Michael sparing the baby of the woman he killed to get the knife becomes less Even Evil Has Standards and more condemning that baby to an eventual death if nobody comes to check on him/her.
That house and several others in Haddonfield are crime scenes by the end of the film. The baby would have been recovered by police within hours and handed over to surviving relatives.
By the end of the film, Allyson may not even be aware of the fact that her father and two close friends aside from Oscar are dead. Imagine how shell take the news.
Made even worse when you consider how traumatized she already seems to be, seemingly without being aware of any of these deaths.
The fact that Karen doesn't insist on going back for Ray suggests that she already knows that he must be dead. Still, it will be awful for her and Allyson when the authorities confirm that she's right.
This film marks the first time Michael kills a kid younger than high school age. In other sequels, we've seen him try, but not succeed. However, when you take into account that this is a direct sequel to the original and the fact that Michael killed the kid, the fridge horror kicks in for the original film, as you think about what would have happened to Tommy and Lindsey if Laurie hadn't sent them to get help: Michael could have gone after and killed both of them as well.
Even more Fridge Horror when you start to recall that Michael stalked Tommy Doyle in the original film for one scene. Michael first saw Tommy when he was with Laurie outside of the Myers house earlier in the day. Maybe he had been considering Tommy as a potential victim too, which explains why he was outside of Tommy's school (like how he had been outside of Laurie's school and watching her in another scene).
Except for Laurie's family and Hawkins, the town seems to have completely forgotten about Michael's murder spree that took place forty years ago. The townspeople have lax security, children running around without parents, doors left unlocked or even standing open, teenagers wandering around drunk or high. To most of them, Michael is a scary story: they never consider that the soulless monster that committed heinous murders on two different Halloweens (the first being Judith and the second time the babysitter murders) still poses a danger to them. They have made themselves easy targets for him.
It's not that they forgot about him. The guy's been locked up for life in a high security mental asylum/prison. They figured they were safe and he was no longer a threat
Still, regardless if it's the fucking Boogeyman or a burglar in a dollar-store Michael Myers mask, none of the houses seem to have any security systems in case any of the previously mentioned psychos breaking in. At one point, Laurie, after learning that Michael broke out, goes to her daughter, Karen's house and proceeds to rant at her when she comes home for having no security measures in her house, lampshading how easy it was to break in (Laurie was there initially to tell Karen that Michael escaped and they have to leave town; one thinks she should've opened with that first instead of criticizing her daughter for being unprepared, then maybe Karen wouldn't have ignored her and kicked her out of the house). And yes, Michael had been locked up for almost all his life in the asylum, but he's still extremely smart and extremely dangerous despite being 61 years old. The fact that Smith's Grove isn't that far from Haddonfield (Michael can apparently get to town within a day's nonstop drive) and Karen still has an unprotected house, whether or not Michael was a threat, makes her and all the other people in Haddonfield borderline suicidal.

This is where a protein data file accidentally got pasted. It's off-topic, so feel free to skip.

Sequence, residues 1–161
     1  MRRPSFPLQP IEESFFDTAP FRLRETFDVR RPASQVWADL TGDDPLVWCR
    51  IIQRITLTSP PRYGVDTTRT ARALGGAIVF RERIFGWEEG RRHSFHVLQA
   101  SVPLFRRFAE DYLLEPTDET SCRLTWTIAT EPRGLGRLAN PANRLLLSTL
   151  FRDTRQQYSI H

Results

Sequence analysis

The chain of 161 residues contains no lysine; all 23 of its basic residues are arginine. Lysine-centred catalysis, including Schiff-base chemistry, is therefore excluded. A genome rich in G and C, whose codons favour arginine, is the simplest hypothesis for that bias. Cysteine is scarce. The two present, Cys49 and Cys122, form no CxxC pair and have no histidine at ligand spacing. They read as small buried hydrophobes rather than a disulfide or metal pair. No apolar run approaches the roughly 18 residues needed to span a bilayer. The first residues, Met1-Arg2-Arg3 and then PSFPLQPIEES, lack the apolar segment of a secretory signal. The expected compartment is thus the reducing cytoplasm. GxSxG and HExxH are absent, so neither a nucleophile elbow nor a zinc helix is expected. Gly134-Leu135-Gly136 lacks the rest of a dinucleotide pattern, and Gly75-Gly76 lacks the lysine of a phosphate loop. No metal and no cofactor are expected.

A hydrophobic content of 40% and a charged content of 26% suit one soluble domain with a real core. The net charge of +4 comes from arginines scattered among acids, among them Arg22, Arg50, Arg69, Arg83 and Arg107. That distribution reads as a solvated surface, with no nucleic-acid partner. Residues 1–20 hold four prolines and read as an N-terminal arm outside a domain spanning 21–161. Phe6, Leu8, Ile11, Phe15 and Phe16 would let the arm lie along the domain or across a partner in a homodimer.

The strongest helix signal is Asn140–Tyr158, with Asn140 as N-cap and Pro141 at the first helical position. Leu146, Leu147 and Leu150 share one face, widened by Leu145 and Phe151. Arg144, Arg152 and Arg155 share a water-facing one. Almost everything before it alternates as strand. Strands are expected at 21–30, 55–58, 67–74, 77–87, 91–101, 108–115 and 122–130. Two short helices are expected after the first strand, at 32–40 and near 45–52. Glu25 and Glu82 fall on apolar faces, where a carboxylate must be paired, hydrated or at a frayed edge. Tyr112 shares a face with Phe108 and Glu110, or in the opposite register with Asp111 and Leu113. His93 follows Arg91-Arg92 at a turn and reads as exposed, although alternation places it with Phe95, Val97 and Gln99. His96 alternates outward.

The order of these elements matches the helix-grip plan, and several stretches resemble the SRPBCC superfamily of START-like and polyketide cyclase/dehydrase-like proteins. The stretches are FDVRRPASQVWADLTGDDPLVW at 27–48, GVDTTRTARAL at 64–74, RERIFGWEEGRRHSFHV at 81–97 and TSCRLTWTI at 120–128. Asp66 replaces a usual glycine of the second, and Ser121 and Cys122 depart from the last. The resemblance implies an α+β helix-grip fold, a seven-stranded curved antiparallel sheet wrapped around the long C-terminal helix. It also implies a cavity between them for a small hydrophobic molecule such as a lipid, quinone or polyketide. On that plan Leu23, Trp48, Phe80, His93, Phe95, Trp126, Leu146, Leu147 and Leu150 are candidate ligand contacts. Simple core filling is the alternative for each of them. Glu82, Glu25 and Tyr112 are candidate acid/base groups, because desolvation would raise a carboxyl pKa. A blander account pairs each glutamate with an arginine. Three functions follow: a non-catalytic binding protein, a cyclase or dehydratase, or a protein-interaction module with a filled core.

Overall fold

What Michael Myers did in 1978 was, at the end of the day, a particularly disturbing home invasion/triple murder. As Dave points out near the beginning, much worse things happen in the world, and in Real Life other small towns have had to move past much deadlier massacres. After forty years, it's unlikely that most people in Haddonfield remember it as anything more than a sad and grisly chapter of local history.
Cameron. Yes, hes a borderline abusive POS and a budding alcoholic, but if hes not entirely devoid of human emotion, imagine his reaction to the fact that A) his shitty actions at the dance (not just the drinking and cheating, but throwing Allysons phone into the pudding, meaning Allyson didnt receive a crucial warning call from Laurie) resulted in putting his best friend and (ex-)girlfriend right into Michaels path, resulting in Oscars grisly demise; and B) the phone call he got so mad about? Literally the last time they would ever hear from Vicky.
Ironically, if he hadn't been a jerkass, he would have taken Allyson home himself, and would have become one of Michael's victims. That narrow dodge from certain death will probably unsettle him as well.
One major reason Karen was attracted to Ray could have been that he was a mild mannered, affable guy and would provide for her the exact opposite of her militant and fearful childhood. Unfortunately, her marriage to him indirectly led to his death.